This edition of Domus India looks at India and its tryst with a Modern past and an ever-changing contemporary, straddling art as well as architecture, and the negotiating of ourselves between social and national spaces in these complex times.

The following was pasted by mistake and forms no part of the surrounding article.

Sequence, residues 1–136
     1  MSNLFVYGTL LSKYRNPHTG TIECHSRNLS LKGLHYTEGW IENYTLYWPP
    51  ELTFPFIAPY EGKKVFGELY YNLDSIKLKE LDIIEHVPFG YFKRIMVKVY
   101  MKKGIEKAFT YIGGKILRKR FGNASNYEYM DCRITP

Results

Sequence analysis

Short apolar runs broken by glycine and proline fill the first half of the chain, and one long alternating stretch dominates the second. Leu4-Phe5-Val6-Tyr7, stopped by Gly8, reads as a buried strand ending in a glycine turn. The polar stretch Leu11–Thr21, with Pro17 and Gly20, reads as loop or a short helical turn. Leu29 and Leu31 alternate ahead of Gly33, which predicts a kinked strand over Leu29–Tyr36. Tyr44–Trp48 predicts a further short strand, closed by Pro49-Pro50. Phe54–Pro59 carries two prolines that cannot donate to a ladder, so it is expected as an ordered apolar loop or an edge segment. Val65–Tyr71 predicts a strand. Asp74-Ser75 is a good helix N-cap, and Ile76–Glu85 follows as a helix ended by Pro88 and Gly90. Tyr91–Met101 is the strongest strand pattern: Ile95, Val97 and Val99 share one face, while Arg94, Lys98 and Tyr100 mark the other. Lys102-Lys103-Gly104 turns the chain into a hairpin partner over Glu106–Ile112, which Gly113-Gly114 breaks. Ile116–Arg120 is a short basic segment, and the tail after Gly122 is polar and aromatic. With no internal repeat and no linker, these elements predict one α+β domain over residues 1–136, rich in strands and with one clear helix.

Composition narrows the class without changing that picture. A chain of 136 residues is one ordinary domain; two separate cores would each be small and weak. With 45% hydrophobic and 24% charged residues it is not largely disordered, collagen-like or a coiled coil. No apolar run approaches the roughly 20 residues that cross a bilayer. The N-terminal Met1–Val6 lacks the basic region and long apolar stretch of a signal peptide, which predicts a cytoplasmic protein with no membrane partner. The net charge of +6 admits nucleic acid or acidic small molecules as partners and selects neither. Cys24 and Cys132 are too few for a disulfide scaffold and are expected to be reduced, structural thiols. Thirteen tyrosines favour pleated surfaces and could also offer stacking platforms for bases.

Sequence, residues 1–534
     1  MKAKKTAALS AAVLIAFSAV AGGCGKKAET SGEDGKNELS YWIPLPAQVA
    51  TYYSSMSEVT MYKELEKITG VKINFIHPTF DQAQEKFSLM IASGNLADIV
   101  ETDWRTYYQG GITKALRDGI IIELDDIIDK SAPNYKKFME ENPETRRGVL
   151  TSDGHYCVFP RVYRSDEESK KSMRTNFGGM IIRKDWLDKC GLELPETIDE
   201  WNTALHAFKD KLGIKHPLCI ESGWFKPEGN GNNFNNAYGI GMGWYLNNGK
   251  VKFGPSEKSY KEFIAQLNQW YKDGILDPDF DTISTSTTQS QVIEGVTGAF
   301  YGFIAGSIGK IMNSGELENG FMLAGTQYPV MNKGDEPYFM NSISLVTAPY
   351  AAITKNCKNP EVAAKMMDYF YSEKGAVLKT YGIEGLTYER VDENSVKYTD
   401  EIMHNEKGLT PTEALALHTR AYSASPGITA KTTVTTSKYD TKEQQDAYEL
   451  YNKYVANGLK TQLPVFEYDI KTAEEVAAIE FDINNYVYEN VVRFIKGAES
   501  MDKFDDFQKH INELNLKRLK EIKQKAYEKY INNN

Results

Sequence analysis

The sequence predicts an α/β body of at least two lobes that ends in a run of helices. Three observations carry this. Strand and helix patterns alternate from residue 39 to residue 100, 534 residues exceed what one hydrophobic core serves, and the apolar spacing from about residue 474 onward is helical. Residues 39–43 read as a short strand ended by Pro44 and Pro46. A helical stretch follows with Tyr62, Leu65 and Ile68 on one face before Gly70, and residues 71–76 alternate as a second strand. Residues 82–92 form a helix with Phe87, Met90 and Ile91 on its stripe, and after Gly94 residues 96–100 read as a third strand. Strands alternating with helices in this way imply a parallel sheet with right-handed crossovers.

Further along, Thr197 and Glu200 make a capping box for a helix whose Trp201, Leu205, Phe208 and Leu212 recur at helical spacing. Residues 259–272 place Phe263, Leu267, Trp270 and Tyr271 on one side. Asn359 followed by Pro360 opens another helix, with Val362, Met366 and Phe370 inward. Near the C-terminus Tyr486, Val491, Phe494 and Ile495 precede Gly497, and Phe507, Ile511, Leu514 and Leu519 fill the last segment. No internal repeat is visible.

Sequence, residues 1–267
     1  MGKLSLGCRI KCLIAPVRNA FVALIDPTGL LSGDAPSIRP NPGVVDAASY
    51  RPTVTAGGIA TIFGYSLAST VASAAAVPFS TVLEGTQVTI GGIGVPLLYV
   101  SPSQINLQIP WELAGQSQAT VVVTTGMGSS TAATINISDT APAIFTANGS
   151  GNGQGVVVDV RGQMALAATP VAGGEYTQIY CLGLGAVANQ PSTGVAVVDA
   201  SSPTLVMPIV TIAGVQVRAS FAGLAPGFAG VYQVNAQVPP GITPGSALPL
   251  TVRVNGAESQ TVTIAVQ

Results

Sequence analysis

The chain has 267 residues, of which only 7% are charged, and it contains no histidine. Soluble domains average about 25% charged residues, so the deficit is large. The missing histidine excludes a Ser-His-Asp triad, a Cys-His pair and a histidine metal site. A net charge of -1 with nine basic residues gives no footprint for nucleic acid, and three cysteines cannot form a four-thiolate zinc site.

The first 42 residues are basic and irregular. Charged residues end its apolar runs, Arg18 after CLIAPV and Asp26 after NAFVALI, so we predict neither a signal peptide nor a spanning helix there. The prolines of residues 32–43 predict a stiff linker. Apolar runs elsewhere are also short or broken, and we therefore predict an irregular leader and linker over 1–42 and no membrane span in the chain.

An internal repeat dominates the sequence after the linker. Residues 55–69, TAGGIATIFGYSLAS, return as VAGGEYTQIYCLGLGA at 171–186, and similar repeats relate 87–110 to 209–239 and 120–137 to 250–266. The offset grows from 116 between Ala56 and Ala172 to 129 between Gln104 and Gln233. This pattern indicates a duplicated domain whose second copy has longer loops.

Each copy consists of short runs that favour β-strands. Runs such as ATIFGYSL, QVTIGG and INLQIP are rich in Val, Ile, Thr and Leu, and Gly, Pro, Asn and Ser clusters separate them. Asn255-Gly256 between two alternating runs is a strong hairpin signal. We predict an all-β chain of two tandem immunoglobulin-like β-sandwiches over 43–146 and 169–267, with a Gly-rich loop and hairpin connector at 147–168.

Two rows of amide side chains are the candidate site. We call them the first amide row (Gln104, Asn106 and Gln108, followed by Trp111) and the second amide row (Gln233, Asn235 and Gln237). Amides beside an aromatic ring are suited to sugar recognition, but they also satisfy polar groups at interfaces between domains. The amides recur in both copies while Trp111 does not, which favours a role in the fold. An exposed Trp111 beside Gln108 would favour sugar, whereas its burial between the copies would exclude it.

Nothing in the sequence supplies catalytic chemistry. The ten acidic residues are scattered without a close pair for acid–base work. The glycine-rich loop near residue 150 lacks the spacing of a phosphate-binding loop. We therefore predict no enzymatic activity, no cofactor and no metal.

It explores the journeys of buildings and ideas, monuments and cities, all playing their roles in the exploration of grounds that constantly shift between the familiar and the unfamiliar. What is the self looking for in the spaces we inhabit — from the home or the Taj Mahal in Agra, to Gandhi’s Ashram in Ahmedabad, or the erstwhile — now-demolished — Hall of Nations in New Delhi? Through a suite of poems by Tishani Doshi, this issue draws us to the edges of landforms, where worlds of varying mediums and content meet and depart, share and exchange. The poems are replete with the sensual experience of the coast, the osmotic membrane between land and sea. The poet invites us into the textures of the beach, wind, and tide, and unfolds the human drama of being on the cusp, at the edge, at large, at bay.